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Bloodlines: The Death of Chicago Dermatologist David Cornbleet

After dermatologist David Cornbleet was murdered in his Michigan Avenue office, his son, Jonathan, devoted himself to finding the killer. Now a shy and troubled young man—a former patient of Dr. Cornbleet’s—has confessed. But that man’s anguished father is arguing that a drug prescribed by the slain doctor may have contributed to the killing.

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Growing up a happy child in Oregon, Hans Peterson especially loved donning a football uniform.

Tom Peterson is also a doctor who has a son and a daughter. Raised in a suburb north of Milwaukee, Peterson earned his undergraduate degree at the University of Wisconsin, in Madison. While traveling around Europe the summer before medical school, he met a French woman named Jacqueline Lebas at a youth hostel in Scotland. The two married in 1972. Jackie became a dual citizen in 1991.

Hoping to land a job in emergency room medicine, Peterson began looking for small hospitals that would hire a doctor fresh out of school. He found one in Roseburg, Oregon, and the couple moved there in 1974. He initially chose the ER, he says, “because you had to think fast, come up with diagnoses, and keep your cool through it all. But when you were done for the day, you were done.” His outside interests—marathon running and triathlons—would eventually lead to his long-term career path. “I would get injuries, and runners would come to me for help curbside,” he says. “Eventually, someone said, ‘Why don’t you just open an office in sports medicine?’”

He did, and in July 1978, the couple had their first child. Blond, blue-eyed, Hans Peterson was named after his great-grandfather Johann, a homesteader who had come to the United States from Sweden. Four years later, the couple added a daughter. (Peterson asked that she not be named, a request honored by Chicago.)

Both children were shy. The sister participated in gymnastics and ballet, Peterson says, “but was really very withdrawn through school. She just kind of liked observing what was going on and not being a part of it.”

There was a history of depression in the family, though early on the son revealed little sadness. A picture of Hans at the age of 15 shows a fair-haired boy in shoulder pads, down on one knee, clutching a football and beaming proudly. “He was a happy child in his early years,” the father says. “He was crazy about football, although he was not a real good player. But he loved the game and he loved wearing the uniform—that was just the coolest thing for him.”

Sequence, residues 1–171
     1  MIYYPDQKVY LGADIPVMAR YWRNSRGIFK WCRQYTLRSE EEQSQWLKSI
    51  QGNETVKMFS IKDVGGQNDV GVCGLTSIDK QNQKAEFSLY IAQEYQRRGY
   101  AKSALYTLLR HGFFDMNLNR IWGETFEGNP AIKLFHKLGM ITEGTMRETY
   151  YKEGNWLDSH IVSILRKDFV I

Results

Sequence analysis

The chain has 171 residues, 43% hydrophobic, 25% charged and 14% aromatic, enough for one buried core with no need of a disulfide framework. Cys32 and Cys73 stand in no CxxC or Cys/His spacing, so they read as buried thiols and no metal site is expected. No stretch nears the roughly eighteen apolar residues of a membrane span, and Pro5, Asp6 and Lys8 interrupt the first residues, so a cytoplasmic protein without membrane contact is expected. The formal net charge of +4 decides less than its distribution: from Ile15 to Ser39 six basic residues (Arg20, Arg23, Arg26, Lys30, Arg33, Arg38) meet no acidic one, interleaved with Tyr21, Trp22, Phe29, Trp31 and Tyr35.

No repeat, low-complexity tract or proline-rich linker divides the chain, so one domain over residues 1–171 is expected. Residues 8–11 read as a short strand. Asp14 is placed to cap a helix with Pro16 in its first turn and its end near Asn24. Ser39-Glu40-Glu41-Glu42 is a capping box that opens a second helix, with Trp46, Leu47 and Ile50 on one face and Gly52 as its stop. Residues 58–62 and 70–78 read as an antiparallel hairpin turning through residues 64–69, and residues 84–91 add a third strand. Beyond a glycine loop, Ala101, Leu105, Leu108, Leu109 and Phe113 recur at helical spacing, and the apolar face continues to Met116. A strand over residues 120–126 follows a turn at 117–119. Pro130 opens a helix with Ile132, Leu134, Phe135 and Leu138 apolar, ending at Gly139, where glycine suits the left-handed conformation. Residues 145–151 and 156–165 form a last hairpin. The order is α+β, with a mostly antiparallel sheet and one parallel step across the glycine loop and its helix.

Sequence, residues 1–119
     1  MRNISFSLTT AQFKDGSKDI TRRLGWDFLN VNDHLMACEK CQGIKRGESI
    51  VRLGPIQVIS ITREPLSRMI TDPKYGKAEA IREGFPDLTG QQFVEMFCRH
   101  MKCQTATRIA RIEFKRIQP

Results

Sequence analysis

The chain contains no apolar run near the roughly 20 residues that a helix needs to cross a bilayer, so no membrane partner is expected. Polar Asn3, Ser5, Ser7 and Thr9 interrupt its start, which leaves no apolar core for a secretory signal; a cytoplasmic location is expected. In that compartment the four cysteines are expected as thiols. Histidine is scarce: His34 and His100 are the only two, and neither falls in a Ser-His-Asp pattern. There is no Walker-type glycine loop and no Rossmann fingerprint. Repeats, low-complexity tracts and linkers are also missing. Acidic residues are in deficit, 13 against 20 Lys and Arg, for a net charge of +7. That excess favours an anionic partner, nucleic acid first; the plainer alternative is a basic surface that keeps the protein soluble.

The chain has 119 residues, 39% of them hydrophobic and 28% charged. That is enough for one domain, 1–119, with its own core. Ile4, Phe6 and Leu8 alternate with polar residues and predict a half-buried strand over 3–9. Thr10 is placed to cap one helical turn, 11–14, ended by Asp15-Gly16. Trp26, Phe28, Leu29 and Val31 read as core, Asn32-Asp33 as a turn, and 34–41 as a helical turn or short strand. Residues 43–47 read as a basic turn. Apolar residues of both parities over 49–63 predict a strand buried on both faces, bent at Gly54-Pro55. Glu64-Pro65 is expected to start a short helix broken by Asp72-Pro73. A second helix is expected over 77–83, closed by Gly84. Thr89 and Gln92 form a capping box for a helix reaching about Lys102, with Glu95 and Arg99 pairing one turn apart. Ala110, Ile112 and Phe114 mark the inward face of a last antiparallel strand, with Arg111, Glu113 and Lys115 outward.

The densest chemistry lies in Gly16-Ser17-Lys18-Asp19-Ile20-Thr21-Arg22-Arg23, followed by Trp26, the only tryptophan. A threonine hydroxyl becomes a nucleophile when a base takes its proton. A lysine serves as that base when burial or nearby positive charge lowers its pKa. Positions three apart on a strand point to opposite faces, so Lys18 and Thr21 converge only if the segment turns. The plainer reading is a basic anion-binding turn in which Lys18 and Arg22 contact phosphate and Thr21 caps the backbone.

Russ McIntosh, a longtime friend of the Petersons’, recalls that Hans was never a big conversationalist, “but he was always engaged,” he says.

When Hans reached his high-school years, however, a sense of melancholy began to show itself. “He started getting more and more shy or being more and more aware of being shy,” the father says. “When you get to be teenagers, all the little social structure starts. And since he wasn’t the kind of person who easily engaged people in conversation, he kind of felt left out of things. Not that people didn’t like him. He was very likable and everyone was fine having him around, but he wasn’t in the in crowd. He didn’t have much of a social life and he didn’t date much” beyond taking McIntosh’s daughter to the prom.

One day, Tom Peterson says, he noticed that his son was reading a book on how to overcome shyness. “I asked him what that was about, and he said, ‘I just can’t seem to light people up or get girls to want to go out with me. I feel lonely.’”

The father says he was concerned enough about the depression to take his son to a therapist. “He’d get into a pretty blue mood where he didn’t want to do anything,” the father says. “As he got more and more into teenage years, you started seeing it more and more, to the point when he was 16 he got put on antidepressants [Zoloft] for the first time.” By then Tom and Jackie Peterson were having their own troubles. They divorced in 1994.

* * *

Every day, as evening gathered, the dermatologist went through the same routine. “My dad was very methodical,” recalls his daughter, Jocelyn. “Every day at about six he would call my mom and say, ‘I’m finishing up; I have one more patient.’ Then he would transfer the phones so that they forwarded to his house” in Lincolnwood, on the Northwest Side.

By 7:30 p.m. on Tuesday, October 24, 2006, however, Dr. Cornbleet’s wife, Aileen, had not heard from him. She immediately called Jocelyn, who was walking her dog downtown. “It’s nearly 8 o’clock and I haven’t heard from your father yet,” her mother said. “I’m concerned.” Shortly after, Jocelyn received a call from her brother. “You’re the only one in the city,” Jon said. “Can you go and check on him?”

The daughter felt an immediate sense of dread. Something had to be very wrong. Had he had a stroke? A heart attack?

Walking into her father’s office building, a high-rise across from Millennium Park, the daughter approached the security guard. “Have you seen Dr. Cornbleet?” she asked. The guard hadn’t. Panic rising, Jocelyn took the elevator to the 12th floor and walked down the marble hall to the door of her father’s office.

* * *

 
Photograph: Courtesy of Tom Peterson

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